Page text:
“That Sunday, on that news show, I tried to explain this as best I could within the time allotted. But at the end of the segment, the host flashed a widely shared picture of a 12-year-old black boy tearfully hugging a white police officer. Then she asked me about ‘hope.’ And I knew then that I had failed.”
Poor Coates! After undergoing this experience, he emerged into the late-November gloom and tried to walk off his despair.
Unfortunately, the host of that popular show didn’t do what Coates describes in that passage. She didn’t ask Coates about “hope,” or about anything else, as she displayed that “widely shared picture.”
O’Donnell did display that photo at the end of the segment. As she did, she turned to Peterson, not to Coates, and this is the question she asked:
O’DONNELL: I want to end on this photo that has gone viral. It’s of a twelve-year-old, Devonte Hart, who was in tears. It was at—at a Ferguson protest rally in Portland, Oregon. And you can see this officer, Sergeant Bret Barnum, who is white, hugging this child. It has been shared more than one hundred and fifty thousand times on Facebook. What does that say to you, that photo, and what—and how it’s been, been shared so many times on Facebook?O’Donnell said nothing about “hope.” Beyond that, she wasn’t speaking to Coates.
It was Peterson, in his reply, who introduced the idea that people are “hopeful,” while saying that people are also “maybe a little bit naive about a better relationship between the African-American community and the police forces that are charged with protecting them.”
You can see that occur on the tape. It can also be found in the transcript.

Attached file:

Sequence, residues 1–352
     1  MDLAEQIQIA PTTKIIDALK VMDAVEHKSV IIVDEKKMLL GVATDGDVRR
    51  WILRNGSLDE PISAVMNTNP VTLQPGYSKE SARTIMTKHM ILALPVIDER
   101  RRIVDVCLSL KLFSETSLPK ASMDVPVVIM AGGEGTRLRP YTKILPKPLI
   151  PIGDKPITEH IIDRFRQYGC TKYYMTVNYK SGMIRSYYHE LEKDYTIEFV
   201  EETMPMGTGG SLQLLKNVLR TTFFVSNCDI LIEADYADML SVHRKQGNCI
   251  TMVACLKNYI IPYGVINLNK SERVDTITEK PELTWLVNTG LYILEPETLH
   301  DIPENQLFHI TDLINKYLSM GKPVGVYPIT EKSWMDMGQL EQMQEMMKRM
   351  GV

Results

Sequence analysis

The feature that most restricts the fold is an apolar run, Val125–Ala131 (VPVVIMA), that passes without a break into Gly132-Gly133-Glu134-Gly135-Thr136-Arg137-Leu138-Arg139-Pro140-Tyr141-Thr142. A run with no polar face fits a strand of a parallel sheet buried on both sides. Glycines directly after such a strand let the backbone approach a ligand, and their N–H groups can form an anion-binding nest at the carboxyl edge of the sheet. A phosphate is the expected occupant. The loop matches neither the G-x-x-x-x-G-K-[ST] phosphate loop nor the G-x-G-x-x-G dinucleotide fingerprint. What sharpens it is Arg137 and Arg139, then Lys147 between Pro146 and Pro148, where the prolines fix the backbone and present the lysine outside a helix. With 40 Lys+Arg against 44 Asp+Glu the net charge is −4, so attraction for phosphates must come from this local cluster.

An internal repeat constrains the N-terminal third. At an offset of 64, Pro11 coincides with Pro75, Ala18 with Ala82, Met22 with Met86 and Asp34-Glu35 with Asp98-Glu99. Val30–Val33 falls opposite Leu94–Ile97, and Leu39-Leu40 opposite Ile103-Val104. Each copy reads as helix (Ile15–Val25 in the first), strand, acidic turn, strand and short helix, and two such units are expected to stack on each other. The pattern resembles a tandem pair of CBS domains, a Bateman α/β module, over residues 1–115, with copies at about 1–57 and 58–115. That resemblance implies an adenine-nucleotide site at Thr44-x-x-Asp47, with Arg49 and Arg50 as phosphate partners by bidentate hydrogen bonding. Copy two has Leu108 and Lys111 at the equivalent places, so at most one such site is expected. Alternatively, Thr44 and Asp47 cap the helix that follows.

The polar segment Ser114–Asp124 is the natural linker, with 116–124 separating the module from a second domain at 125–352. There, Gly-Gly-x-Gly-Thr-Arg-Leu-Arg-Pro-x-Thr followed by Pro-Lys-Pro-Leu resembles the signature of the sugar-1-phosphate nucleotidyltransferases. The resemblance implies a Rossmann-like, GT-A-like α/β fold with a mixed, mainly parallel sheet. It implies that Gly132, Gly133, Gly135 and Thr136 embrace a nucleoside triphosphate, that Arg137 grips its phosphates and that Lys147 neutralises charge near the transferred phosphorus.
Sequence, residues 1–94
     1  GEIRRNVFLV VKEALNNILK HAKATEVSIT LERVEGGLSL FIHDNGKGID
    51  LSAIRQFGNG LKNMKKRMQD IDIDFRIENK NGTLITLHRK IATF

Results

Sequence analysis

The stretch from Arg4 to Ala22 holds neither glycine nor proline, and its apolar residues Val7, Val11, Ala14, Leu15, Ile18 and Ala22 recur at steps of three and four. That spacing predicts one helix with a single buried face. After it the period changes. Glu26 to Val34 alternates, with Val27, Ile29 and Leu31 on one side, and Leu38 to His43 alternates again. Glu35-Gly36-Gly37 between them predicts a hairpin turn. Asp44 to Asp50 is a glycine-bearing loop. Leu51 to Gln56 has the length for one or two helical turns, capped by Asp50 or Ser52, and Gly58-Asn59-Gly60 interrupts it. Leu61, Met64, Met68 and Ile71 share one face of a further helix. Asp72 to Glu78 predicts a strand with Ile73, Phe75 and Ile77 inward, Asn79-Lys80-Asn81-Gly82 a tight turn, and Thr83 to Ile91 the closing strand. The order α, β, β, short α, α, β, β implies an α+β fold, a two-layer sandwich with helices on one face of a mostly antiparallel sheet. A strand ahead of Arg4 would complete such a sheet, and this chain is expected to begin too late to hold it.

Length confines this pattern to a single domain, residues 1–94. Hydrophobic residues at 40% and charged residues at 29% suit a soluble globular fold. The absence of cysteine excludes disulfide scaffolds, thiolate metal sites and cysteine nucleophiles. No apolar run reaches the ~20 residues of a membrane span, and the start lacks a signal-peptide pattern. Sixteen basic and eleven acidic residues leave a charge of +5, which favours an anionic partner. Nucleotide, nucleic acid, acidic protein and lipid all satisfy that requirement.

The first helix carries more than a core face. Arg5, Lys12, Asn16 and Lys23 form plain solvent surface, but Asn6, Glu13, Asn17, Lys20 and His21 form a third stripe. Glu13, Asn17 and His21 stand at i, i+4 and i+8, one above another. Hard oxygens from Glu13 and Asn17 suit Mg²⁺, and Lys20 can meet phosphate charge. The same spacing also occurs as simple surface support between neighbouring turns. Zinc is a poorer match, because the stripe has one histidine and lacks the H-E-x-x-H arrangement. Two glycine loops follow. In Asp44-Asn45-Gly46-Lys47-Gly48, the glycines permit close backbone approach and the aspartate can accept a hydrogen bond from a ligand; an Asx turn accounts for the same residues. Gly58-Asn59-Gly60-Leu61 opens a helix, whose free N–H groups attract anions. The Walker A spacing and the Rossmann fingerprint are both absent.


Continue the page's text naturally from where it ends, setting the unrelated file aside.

Over the course of the past eighteen years, we’ve become increasingly discouraged by a type of “privilege” which dominates our flailing American discourse.
It’s a “privilege” our leading “journalists” seem to feel they possess by some sort of divine right. It’s the right to invent, rearrange and embellish facts to make preferred stories work better.
No one asked Coates about his body that day, except in some poetical way only he understands. No one asked him to speak about hope at all.
For that reason, the fictional question he describes couldn’t have sent him from the studio in a state of despair. Simply put, the story he tells his son and his readers simply didn’t occur.
This doesn’t tell us whether Coates has written a good and helpful book. That said, we liberals have entered a strange new season in the past few years, especially in the general area of race.
Increasingly, we’ve entered a season in which we seem to feel free to invent, embellish and ignore basic facts as we tell our stories to the world. We do this again and again.
Coates may have written a very good book. We’ll withhold our judgment on that. But this shit wasn’t cute when Dowd was doing it.
Is it likely to be helpful now?
Once again, those links: To read the transcript, just click here.
To watch the tape, click this. The segment with Peterson and Coates starts about nine minutes in.